I had written this a long time ago for the kids in my family, with information from my mom, Mrs. Panna Mehta and my 2nd mom (MIL) Mrs. Usha Desai. I thought I might share it here too.

Diwali is the festival of lights. It is believed that during the days of Diwali – whoever lights lights every day – does not die during Diwali. Which means, one who has attained knowledge of life, is not afraid of death.

Diwali truly begins from Aso Vad Rama Ekadashi. It is also called Bhagwat Ekadashi. Ekadashi = 11th day of the 15 day moon cycle.

The next day is called Vagh Baras. Pooja is done of cows and calves. If you can, draw a rangoli of a tiger outside your house. Try and pay off your debts on this day. For the next few days, do not incur any debt. Baras = 12th day of the 15 day moon cycle.

The next day is called Dhan teras. Pooja is done of cattle and money. Dhan = Laxmi = wealth = money, gold, silver, etc. Teras = 13th day of the 15 day moon cycle. Do not earn money doing illegal things. Be happy with whatever you earn legally. Laxmi poojan is done so that our money is spent wisely and our money becomes pure. Laxmi is strength – having money is equal to having power. Use your hard-earned money as if it is God’s Prasad. There are other types of wealth that we have – our knowledge, our children and our culture.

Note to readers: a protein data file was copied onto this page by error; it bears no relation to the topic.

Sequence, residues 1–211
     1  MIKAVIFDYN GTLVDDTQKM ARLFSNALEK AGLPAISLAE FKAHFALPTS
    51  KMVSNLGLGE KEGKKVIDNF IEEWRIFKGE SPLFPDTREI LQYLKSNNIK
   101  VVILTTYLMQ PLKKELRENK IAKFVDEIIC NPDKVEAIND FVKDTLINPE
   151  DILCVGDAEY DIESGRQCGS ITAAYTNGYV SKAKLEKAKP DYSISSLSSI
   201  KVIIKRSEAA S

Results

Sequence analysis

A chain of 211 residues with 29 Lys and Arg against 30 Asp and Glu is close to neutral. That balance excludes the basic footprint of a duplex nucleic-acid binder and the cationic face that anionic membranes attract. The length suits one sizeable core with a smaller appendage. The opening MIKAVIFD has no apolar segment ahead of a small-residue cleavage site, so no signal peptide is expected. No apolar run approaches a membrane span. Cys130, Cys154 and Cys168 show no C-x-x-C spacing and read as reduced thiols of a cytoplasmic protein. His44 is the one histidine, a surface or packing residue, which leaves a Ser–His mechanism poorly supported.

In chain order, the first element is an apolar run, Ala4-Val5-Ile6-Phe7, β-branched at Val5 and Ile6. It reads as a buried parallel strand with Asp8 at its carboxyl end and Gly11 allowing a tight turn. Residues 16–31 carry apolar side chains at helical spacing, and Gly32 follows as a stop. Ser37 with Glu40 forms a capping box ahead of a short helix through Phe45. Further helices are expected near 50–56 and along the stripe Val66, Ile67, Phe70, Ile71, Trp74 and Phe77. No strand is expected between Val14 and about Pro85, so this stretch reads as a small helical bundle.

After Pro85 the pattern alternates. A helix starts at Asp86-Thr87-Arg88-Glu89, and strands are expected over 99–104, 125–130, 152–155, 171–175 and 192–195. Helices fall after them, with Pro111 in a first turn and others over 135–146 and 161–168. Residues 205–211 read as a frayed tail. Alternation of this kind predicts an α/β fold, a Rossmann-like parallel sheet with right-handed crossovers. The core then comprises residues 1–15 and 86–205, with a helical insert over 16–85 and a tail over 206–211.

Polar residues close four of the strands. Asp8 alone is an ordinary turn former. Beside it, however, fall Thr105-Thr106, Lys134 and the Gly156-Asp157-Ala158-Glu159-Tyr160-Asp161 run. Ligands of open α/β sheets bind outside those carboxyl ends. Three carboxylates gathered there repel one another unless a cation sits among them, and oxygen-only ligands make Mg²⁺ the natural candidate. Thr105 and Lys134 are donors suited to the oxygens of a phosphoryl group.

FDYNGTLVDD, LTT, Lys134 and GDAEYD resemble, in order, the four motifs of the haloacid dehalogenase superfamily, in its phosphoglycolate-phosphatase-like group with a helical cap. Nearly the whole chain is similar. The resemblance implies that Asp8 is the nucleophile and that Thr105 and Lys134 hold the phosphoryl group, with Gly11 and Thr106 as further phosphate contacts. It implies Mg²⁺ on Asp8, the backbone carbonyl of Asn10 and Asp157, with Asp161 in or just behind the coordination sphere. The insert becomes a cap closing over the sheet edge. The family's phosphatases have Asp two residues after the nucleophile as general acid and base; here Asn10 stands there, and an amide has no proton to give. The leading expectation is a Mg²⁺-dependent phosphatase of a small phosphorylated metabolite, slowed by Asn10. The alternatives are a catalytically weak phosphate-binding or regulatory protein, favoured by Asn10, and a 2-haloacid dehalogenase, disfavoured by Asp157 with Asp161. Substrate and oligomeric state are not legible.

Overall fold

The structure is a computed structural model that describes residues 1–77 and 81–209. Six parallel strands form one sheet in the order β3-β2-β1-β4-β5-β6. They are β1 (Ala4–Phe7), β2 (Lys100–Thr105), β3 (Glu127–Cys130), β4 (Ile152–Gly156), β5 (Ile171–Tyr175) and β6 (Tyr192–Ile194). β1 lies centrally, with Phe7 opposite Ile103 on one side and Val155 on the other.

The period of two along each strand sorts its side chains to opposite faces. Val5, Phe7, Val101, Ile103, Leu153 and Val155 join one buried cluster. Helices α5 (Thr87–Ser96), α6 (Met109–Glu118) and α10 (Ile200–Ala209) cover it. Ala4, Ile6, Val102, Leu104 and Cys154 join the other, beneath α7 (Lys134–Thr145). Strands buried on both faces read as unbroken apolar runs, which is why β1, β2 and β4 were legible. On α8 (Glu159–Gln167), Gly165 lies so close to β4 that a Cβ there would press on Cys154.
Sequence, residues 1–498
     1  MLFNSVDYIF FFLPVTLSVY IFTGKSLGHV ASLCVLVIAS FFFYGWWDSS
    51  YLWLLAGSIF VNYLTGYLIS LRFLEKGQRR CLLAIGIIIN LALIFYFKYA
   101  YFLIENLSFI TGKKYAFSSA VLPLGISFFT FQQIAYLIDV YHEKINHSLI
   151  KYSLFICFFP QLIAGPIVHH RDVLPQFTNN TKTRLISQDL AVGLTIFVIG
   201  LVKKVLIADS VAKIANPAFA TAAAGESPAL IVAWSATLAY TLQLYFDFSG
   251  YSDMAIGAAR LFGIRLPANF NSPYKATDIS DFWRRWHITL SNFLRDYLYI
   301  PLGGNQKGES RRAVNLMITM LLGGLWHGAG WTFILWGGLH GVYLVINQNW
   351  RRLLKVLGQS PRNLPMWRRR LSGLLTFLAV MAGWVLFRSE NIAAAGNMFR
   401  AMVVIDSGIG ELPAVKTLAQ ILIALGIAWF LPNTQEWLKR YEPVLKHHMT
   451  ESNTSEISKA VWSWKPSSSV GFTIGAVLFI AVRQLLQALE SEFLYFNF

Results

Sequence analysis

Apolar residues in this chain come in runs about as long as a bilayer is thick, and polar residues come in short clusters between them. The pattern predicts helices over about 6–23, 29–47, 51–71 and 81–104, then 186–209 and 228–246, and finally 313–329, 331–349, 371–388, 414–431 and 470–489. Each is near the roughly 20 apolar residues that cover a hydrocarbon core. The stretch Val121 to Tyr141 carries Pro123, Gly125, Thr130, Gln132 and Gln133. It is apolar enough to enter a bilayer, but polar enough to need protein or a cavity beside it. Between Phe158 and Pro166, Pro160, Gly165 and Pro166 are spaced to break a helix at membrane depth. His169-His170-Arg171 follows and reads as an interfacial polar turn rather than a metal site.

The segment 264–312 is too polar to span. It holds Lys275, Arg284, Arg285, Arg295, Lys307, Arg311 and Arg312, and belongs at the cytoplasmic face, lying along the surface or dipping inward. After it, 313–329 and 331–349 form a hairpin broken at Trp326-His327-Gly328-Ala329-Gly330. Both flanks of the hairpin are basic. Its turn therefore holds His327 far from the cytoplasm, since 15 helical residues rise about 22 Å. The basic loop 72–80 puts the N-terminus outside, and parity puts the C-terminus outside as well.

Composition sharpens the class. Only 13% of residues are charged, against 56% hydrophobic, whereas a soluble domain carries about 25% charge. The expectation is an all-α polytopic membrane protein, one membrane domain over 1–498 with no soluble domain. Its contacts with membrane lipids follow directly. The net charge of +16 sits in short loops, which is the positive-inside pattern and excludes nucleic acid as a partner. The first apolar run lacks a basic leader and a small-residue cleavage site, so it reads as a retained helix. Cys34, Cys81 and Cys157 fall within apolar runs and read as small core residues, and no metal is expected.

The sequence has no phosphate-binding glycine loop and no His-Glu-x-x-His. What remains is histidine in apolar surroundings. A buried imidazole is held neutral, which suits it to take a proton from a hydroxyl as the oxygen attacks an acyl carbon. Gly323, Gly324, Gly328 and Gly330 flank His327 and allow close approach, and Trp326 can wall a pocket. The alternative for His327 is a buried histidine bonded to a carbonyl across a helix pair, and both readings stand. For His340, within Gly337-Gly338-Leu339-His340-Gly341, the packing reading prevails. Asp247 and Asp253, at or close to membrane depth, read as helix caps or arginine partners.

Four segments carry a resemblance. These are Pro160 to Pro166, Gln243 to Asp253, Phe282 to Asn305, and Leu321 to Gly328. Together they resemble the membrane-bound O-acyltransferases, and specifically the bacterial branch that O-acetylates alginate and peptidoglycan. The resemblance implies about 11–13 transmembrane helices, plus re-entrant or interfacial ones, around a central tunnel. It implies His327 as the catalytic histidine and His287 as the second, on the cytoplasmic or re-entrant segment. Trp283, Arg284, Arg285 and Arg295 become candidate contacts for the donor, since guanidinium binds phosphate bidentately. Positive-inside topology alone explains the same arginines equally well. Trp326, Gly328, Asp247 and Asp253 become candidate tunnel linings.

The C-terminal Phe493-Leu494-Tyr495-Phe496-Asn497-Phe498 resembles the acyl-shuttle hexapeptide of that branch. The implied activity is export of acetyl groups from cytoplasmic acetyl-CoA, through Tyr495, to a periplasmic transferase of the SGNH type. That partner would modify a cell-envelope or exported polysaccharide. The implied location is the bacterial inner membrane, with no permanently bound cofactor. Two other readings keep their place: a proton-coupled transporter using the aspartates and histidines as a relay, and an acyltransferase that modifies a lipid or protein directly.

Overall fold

The next day is Kali Chaudas. Chaudas = 14th day of the 15 day moon cycle. First god that is prayed on this day is Hanuman Dada. He gives strength to all. All over India, people also pray Mahalaxmi today. It is believed that if one rises early and bathes before sunrise on this day, he does not suffer in hell. One takes oil-bath on this day.

The next day is Diwali – which is actually Amavas = 15th day of the 15 day moon cycle = no moon day. This is the day when Laxmi emerged during the “Churning of the Ocean”. This is the day when Shri Ram returned to Ayodhya after defeating Ravan. This is the day when the Pandavas returned from their exile. People celebrate this festival with lighting deeyas. On this day, businessmen do pooja of their account books and start their accounting for the next year. Laxmi and Narayan (Vishnu) poojan is done.

The next day is New Year’s Day for Gujratis. This day is not universal all over India. Lord Krishna is where there is Dharm(religious and moral law) and Bhakti(devotion). This is the day when Vishnu bhagwan during his Vaman Avtaar asked for the charity(daan) of 3 steps and King Bali fulfilled his wish.